Hip arthroplasty is a frequently used procedure with high success rates. Its main indications are primary or secondary advanced osteoarthritis, due to acute fracture, osteonecrosis of the femoral head, and hip dysplasia. The goals of HA are to reduce pain and restore normal hip biomechanics, allowing a return to the patient’s normal activities. To reach those goals, the size of implants must suit, and their positioning must meet, quality criteria, which can be determined by preoperative imaging. Moreover, mechanical complications can be influenced by implant size and position, and could be avoided by precise preoperative templating. Templating used to rely on standard radiographs, but recently the use of EOS® imaging and CT has been growing, given the 3D approach provided by these methods. However, there is no consensus on the optimal imaging work-up, which may have an impact on the outcomes of the procedure. This article reviews the current principles of templating, the various imaging techniques used for it, as well as their advantages and drawbacks, and their expected results. Full article
(This article belongs to the Special Issue Diagnostic Imaging of Arthritis)
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17 pages, 6790 KiB  
Review
Update on Current Imaging of Systemic Lupus Erythematous in Adults and Juveniles
by Iwona Sudoł-Szopińska, Ewa Żelnio, Marzena Olesińska, Piotr Gietka, Sylwia Ornowska, Deborah Jane Power and Mihra S. Taljanovic
J. Clin. Med. 2022, 11(17), 5212; https://doi.org/10.3390/jcm11175212 - 3 Sep 2022
Cited by 3 | Viewed by 4162
Abstract
Systemic lupus erythematosus (SLE) is an autoimmune disease involving multiple organs and organ systems. Musculoskeletal (MSK) involvement is one of the most frequent and the earliest locations of disease. This disease affects joints and periarticular soft tissues, tendon sheaths and tendons, bones, and [...] Read more.
Systemic lupus erythematosus (SLE) is an autoimmune disease involving multiple organs and organ systems. Musculoskeletal (MSK) involvement is one of the most frequent and the earliest locations of disease. This disease affects joints and periarticular soft tissues, tendon sheaths and tendons, bones, and muscles. Multimodality imaging, including radiography, ultrasound (US), and magnetic resonance imaging (MRI), plays a significant role in the initial evaluation and treatment follow up of MSK manifestations of the SLE. In this paper, we illustrate MSK imaging features in three clinical forms of SLE, including nondeforming nonerosive arthritis, deforming nonerosive arthropathy, and erosive arthropathy, as well as the other complications and features of SLE within the MSK system in adults and juveniles. Advances in imaging are included. Conventional radiography primarily shows late skeletal lesions, whereas the US and MRI are valuable in the diagnosis of the early inflammatory changes of the soft tissues and bone marrow, as well as late skeletal manifestations. In nondeforming nonerosive arthritis, US and MRI show effusions, synovial and/or tenosynovial hypertrophy, and vascularity, whereas radiographs are normal. Deforming arthritis clinically resembles that observed in rheumatoid arthritis, but it is reversible, and US and MRI show features of inflammation of periarticular soft tissues (capsule, ligaments, and tendons) without the pannus and destruction classically observed in RA. Erosions are rarely seen, and this form of disease is called rhupus syndrome. Full article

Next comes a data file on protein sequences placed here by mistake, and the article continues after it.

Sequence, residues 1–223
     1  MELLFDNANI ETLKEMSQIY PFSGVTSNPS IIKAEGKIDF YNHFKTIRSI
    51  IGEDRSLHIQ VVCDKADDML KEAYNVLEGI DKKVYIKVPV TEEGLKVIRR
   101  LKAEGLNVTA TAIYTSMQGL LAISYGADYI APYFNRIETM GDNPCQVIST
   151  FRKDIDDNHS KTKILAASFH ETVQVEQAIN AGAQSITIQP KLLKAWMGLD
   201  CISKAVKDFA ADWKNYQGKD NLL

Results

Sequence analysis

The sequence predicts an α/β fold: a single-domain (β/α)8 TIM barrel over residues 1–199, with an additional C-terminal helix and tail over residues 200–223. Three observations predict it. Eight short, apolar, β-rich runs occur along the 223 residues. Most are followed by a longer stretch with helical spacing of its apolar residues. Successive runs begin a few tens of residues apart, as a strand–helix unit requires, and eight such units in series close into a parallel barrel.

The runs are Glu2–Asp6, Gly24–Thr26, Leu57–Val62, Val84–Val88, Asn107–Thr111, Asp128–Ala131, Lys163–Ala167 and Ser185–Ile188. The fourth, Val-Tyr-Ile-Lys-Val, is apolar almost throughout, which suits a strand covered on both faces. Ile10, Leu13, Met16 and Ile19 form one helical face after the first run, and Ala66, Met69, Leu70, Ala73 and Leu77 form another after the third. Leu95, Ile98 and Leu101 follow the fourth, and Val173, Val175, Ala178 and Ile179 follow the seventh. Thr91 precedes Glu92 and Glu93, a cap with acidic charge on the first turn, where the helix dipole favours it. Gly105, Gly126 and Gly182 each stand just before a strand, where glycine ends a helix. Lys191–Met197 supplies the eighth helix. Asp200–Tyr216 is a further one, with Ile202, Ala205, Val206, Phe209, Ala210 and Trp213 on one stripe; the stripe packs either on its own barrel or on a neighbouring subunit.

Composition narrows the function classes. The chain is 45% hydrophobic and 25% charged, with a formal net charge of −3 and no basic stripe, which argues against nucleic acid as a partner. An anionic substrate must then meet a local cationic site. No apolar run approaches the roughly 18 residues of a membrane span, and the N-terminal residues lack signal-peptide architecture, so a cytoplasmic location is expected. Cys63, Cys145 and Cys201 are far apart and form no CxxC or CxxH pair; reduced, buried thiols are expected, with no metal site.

(This article belongs to the Special Issue Diagnostic Imaging of Arthritis)
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38 pages, 19425 KiB  
Review
Imaging in Hip Arthroplasty Management Part 2: Postoperative Diagnostic Imaging Strategy
by Charles Lombard, Pierre Gillet, Edouard Germain, Fatma Boubaker, Alain Blum, Pedro Augusto Gondim Teixeira and Romain Gillet
J. Clin. Med. 2022, 11(15), 4416; https://doi.org/10.3390/jcm11154416 - 29 Jul 2022
Cited by 4 | Viewed by 7287
Abstract
Hip arthroplasty (HA) is a frequently used procedure with high success rates, but 7% to 27% of the patients complain of persistent postsurgical pain 1 to 4 years post-operation. HA complications depend on the post-operative delay, the type of material used, the patient’s [...] Read more.
Hip arthroplasty (HA) is a frequently used procedure with high success rates, but 7% to 27% of the patients complain of persistent postsurgical pain 1 to 4 years post-operation. HA complications depend on the post-operative delay, the type of material used, the patient’s characteristics, and the surgical approach. Radiographs are still the first imaging modality used for routine follow-up, in asymptomatic and painful cases. CT and MRI used to suffer from metallic artifacts but are nowadays central in HA complications diagnosis, both having their advantages and drawbacks. Additionally, there is no consensus on the optimal imaging workup for HA complication diagnosis, which may have an impact on patient management. After a brief reminder about the different types of prostheses, this article reviews their normal and pathologic appearance, according to each imaging modality, keeping in mind that few abnormalities might be present, not anyone requiring treatment, depending on the clinical scenario. A diagnostic imaging workup is also discussed, to aid the therapist in his imaging studies prescription and the radiologist in their practical aspects. Full article
(This article belongs to the Special Issue Diagnostic Imaging of Arthritis)
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28 pages, 9970 KiB  
Review
Gouty Arthropathy: Review of Clinical Manifestations and Treatment, with Emphasis on Imaging
by Jennifer S. Weaver, Ernest R. Vina, Peter L. Munk, Andrea S. Klauser, Jamie M. Elifritz and Mihra S. Taljanovic
J. Clin. Med. 2022, 11(1), 166; https://doi.org/10.3390/jcm11010166 - 29 Dec 2021
Cited by 14 | Viewed by 12255
Abstract